On Device Data Encryption Should Be A Default

For the most part we think of Android as a consumer focused smartphone operating system, but that doesn’t mean that Google doesn’t have aspirations of having corporations using it. In order for Android to get adoption by corporations it needs to be secure and easily managed. Google provides the ability for those who use Google Apps for Business and Google Apps for Education to remotely manage and secure Android phones.

A Google Apps Device Policy app is available for Android phones that can be used to locate a lost or stolen device, ring the device, change the device passcode, and remotely wipe the device. Administrators also have the ability to require encrypted storage on Android 3.0 tablets.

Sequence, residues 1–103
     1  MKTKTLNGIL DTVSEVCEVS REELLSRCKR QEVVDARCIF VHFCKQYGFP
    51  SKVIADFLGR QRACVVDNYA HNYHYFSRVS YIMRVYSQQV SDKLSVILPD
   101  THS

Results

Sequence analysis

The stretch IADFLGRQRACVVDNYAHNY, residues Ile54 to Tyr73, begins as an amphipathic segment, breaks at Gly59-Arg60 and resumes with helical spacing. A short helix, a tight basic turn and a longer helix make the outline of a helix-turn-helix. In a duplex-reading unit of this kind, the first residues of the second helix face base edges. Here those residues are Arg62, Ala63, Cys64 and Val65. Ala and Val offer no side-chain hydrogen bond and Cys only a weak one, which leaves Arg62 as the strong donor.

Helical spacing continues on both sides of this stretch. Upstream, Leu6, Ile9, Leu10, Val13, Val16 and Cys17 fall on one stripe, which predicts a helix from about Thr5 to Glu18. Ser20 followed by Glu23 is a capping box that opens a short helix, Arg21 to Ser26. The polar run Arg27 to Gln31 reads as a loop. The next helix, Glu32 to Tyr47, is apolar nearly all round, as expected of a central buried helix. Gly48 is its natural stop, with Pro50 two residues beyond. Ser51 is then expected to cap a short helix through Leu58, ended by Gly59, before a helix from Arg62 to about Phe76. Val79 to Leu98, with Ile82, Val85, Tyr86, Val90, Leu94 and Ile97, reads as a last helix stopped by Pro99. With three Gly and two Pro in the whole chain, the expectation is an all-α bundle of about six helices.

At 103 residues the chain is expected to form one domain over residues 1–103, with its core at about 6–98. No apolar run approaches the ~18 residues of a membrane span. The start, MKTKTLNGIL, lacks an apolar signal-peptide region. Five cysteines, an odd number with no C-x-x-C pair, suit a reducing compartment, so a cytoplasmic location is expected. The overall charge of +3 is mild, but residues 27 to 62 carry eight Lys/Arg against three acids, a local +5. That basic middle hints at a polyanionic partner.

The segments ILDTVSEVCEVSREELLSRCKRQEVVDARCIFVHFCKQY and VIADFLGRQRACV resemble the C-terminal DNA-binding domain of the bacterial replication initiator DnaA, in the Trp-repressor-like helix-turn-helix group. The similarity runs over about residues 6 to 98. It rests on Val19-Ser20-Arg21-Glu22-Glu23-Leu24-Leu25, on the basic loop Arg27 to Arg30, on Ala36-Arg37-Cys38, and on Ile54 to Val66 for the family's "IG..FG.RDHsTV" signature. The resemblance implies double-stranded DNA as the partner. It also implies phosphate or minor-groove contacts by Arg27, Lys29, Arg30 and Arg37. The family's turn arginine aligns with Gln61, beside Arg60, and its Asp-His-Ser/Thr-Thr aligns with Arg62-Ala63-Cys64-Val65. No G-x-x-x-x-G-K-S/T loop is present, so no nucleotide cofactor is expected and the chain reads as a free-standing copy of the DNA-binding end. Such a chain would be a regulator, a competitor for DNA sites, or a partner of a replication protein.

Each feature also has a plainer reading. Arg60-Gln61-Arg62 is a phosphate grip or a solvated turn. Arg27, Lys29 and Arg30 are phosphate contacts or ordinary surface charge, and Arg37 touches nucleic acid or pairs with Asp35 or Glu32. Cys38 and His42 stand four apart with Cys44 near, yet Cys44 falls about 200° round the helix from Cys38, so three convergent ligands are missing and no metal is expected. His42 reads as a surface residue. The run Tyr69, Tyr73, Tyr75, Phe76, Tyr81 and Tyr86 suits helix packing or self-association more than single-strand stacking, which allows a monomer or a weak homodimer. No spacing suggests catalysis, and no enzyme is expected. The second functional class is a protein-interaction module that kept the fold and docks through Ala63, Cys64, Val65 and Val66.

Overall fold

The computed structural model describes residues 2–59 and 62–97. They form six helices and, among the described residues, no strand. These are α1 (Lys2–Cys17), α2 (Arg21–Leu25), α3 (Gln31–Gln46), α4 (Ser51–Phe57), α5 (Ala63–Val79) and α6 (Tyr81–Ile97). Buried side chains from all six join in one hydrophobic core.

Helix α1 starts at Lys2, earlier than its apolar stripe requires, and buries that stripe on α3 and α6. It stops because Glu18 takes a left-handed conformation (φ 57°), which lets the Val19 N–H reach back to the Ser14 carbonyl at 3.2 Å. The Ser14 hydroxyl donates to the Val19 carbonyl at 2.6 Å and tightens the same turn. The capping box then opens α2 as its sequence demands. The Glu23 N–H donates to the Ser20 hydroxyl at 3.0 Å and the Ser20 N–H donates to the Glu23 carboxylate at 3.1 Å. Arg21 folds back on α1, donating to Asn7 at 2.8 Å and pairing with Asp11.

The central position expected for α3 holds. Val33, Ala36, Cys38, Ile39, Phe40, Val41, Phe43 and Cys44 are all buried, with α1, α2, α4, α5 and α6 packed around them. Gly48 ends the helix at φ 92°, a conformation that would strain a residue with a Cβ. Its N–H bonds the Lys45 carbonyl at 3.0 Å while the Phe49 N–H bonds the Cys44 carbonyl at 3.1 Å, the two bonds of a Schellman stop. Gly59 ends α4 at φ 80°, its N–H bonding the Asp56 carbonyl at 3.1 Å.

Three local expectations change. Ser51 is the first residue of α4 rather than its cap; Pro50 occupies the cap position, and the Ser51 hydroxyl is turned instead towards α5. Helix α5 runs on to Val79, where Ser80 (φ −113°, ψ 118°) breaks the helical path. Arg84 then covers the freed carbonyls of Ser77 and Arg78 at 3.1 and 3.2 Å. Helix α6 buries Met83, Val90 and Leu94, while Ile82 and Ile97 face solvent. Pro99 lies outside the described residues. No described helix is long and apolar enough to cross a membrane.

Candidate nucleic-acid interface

When I was reading the information about these features that Google is now providing, the encryption capability caught my attention. I personally think that all mobile devices ought to automatically encrypt information on the device so that it is protected. Providing the ability to remotely wipe a device does give the ability to prevent information from being obtained, but there can be a delay before the devices are wiped, which provides an opportunity for the information to be obtained.

I use an app called B-Folders on my Android phones that stores information in an encrypted database using a 256-bit AES algorithm. Previously on other smartphones I used eWallet, which is available for Windows Mobile, iPhone, and Blackberry smartphones, and several other apps are available.

Several apps are available to encrypt files on Android phones, but I think file system encryption ought to be built-in to Android. The iPhone 4, iPhone 3GS, 3rd generation or later iPod Touch, and all iPad models support hardware encryption, which is enabled by creating a device passcode. The iOS devices supporting hardware encryption can be configured so that if a wrong passcode is entered a defined amount of times the device is automatically wiped.